Julie Gallagher, Contributing Writer
Walking through Haggar around midday, I witnessed a small gang of students giggling by the glass doors as individuals posted colored notes on a large white sheet dedicated to good deeds done throughout the week. I immediately knew what had happened, and my heart sank a little. I dismissed it at the time, since my priorities were elsewhere, but I did not forget it.
Later that evening, or more accurately, earlier in the wee hours of the next morning, I finally had the chance to inspect the crime scene. There, upon the large white banner of posted good deeds, were a few flagrantly rude comments and jokes.
Some jests were flat out derogatory and clearly a result of ill-formed humor, but that is another subject. Many words crossed my mind, but only one stuck out: Why? What was the purpose behind these disparaging words?
If the notes were made with serious intent, the opinions voiced were valid. However, the lack of argument and evidence behind the claims made their purpose ambiguous. As a third-party witness, I found the statements to be unconstructive, unnecessary and inconsiderate, expressing rash and thoughtless opinions with no basis in fact.
If the notes were made in jest, these comments could have offended the organizer of the event or the subjects of the comments. In such a case, the posting of the comments was inconsiderate.
Perhaps these little jabs were intended to make someone think. If that is the case, well done. I’m thinking.
I understand supporting a week encouraging kindness within the community. But I also understand opposition to the idea of enforcing courtesy during an unfortunately named “Random Acts of Crusader Kindness,” or RACK, Week. I must admit to initially standing neutral in regard to the whole thing until those boldly colored remarks stirred my thoughts.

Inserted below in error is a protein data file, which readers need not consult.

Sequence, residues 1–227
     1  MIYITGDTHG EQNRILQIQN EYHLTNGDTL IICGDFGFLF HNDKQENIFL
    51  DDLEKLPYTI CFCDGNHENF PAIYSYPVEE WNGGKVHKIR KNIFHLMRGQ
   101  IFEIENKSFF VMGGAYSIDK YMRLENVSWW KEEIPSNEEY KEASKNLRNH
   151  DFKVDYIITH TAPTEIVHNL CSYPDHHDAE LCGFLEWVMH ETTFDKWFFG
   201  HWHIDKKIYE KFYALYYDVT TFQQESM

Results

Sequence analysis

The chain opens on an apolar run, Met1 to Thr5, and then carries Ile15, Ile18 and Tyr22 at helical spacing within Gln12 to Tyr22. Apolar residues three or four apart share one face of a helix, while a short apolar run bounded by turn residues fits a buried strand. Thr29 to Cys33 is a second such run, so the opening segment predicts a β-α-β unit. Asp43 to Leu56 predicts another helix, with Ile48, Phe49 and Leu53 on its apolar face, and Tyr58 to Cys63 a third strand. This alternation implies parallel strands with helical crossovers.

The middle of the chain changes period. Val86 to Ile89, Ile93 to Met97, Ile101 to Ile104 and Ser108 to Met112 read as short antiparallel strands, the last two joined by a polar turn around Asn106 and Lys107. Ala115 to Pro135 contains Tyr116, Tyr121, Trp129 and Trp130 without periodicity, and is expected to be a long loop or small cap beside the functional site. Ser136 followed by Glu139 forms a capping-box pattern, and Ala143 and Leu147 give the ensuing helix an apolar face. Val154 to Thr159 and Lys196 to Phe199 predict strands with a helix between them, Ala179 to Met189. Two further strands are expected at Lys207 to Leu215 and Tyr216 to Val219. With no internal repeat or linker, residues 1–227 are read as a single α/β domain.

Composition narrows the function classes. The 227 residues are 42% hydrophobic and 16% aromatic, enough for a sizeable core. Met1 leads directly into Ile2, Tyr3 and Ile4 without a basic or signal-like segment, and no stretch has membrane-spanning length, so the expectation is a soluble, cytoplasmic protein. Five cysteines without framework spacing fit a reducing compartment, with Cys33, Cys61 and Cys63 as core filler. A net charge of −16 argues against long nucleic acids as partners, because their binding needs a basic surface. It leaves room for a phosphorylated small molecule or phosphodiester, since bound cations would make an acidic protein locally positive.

My point in bringing up this seemingly small issue is not to moralize to the student body, stop any of its opposition or enforce any sort of courtesy. I write to challenge students to think, not only in class or in theory, but also in life and in practicality about the big and the small.
The University of Dallas takes pride in being the school for independent thinkers, but there are times when we just don’t think enough. These flagrant comments showed independence but little thought. In defying the campaign for kindness, the authors of these notes showed independence, but defiance does not equal independent thought. Independent thinking does not mean going rogue against the established current of thought. Going rogue might be a result of truly independent thinking, but it is not a necessity. Independent thinking entails taking up all arguments willingly and sorting through them in hopes of finding the truth, whether others agree with you or not. Independent thinking might even entail supporting someone else’s verifiable opinion.
No matter one’s opinion, however, it is important that it be expressed with kindness. Since this banner was intended for the posting of kind deeds, these notes were out of place and inappropriate. These remarks contributed little to the conversation about kindness that the campaign was trying to promote. They did, however, show a lack of consideration, and consideration is the spring of kindness. Without thought, how can one make the effort to be kind, since kindness entails thought about the welfare of one’s neighbors? Inconsiderateness shows a disregard for neighbors. Disregard is disrespect’s parent. Respect and consideration are essential when expressing opinions.
RACK week was a period of time to make you think about kindness, about how even the least of our actions can have a ripple effect. Naturally, as in any other celebration, the best and the worst of human nature made appearances. The inappropriate notes made me think about the topic of kindness and its importance in the community. Thinking about kindness was really the purpose of the week, after all. If you formed an opinion about the week and thought about what constitutes kindness, thank you and congratulations! You helped to make RACK week a success.